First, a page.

Glassy works get to the heart of prejudices

Sculptor Alison Saar has worked with plenty of materials laden with metaphorical possibilities, but until she did a stint in 2011 as artist-in-residence at Pilchuk Glass School in Seattle, she had never worked with glass. The experience laid the groundwork for “Alison Saar: Still . . .” at the Sandra and David Bakalar Gallery at Massachusetts College of Art and Design.

The artist has for decades made searing pieces that reveal stinging biases based on race and sex. At Pilchuk, her work echoed the look of laboratory glass and moonshine stills. These make up the center of this show organized by the Otis College of Art and Design. It takes on horrible clarity as it distills some of the muck of prejudice and historical injustice.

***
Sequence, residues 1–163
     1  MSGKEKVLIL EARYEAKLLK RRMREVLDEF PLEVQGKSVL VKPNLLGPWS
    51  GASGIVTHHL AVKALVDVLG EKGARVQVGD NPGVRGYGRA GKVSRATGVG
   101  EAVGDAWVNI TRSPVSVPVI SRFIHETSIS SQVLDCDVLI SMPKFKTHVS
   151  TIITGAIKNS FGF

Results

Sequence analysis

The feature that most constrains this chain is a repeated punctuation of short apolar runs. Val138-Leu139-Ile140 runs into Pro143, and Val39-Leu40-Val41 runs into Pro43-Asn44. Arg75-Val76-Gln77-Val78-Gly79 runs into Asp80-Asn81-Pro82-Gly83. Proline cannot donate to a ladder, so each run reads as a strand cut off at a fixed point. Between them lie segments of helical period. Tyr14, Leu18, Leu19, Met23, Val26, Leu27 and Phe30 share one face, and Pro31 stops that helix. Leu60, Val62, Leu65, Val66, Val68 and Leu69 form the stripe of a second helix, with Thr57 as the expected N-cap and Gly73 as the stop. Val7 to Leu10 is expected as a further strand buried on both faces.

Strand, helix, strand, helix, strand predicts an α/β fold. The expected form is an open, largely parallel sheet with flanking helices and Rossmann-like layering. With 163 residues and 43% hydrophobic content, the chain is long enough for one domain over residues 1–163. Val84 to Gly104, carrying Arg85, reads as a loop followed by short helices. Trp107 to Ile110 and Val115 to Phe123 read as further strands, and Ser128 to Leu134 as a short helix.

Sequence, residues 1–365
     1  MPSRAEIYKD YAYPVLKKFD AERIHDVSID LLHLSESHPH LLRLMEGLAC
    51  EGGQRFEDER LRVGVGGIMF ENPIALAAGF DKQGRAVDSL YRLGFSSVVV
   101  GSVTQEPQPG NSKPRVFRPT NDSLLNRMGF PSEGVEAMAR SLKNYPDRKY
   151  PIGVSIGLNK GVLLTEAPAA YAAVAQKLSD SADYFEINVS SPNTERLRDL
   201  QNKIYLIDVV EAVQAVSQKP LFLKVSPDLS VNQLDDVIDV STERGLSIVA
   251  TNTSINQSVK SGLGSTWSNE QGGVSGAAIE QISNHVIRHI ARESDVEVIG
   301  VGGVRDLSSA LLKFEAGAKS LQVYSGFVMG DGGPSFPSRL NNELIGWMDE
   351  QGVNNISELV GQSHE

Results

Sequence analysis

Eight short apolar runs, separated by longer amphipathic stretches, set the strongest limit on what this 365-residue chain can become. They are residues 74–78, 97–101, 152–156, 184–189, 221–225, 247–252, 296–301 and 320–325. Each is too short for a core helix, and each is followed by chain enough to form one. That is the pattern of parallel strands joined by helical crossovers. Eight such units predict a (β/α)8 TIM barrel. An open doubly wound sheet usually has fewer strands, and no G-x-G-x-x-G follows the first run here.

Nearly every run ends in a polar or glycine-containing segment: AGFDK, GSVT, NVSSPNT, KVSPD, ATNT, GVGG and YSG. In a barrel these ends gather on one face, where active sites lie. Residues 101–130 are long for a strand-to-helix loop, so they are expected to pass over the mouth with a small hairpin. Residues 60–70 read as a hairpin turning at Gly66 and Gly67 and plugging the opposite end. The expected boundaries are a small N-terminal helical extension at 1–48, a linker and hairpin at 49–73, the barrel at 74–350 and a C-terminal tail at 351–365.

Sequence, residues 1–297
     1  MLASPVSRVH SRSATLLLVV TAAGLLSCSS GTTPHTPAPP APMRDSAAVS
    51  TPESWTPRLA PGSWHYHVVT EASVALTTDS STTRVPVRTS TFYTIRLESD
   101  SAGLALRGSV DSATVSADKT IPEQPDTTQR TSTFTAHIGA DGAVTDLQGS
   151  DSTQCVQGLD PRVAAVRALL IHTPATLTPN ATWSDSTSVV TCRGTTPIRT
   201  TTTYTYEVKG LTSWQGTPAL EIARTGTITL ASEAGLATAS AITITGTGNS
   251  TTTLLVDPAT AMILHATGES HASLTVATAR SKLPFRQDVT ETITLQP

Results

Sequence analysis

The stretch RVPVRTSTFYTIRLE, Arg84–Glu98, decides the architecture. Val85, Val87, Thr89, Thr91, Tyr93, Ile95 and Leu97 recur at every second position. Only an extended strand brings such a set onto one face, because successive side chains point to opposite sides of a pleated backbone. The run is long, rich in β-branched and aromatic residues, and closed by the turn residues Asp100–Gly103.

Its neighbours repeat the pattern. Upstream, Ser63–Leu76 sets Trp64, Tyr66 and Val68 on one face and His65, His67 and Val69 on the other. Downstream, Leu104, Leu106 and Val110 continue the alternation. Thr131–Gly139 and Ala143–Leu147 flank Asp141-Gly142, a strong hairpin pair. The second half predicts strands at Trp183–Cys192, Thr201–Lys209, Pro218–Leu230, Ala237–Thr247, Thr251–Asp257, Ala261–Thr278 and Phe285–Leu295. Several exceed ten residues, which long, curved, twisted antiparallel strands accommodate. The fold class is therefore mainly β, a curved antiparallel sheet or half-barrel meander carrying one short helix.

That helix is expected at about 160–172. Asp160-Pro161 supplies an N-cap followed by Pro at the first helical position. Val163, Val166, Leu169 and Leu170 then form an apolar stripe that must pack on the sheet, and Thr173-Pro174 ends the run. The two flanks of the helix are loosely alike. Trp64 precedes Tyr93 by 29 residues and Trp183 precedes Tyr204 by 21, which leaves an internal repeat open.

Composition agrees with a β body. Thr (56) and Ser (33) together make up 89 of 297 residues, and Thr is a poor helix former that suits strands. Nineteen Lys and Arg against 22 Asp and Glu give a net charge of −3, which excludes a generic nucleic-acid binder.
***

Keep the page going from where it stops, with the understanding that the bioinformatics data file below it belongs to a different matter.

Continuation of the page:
For instance, “Still Run Dry” looks like discarded, half-finished lab experiments, or abandoned still equipment, only the glass receptacles are modeled after body parts: lungs, breasts, a sliced-open womb

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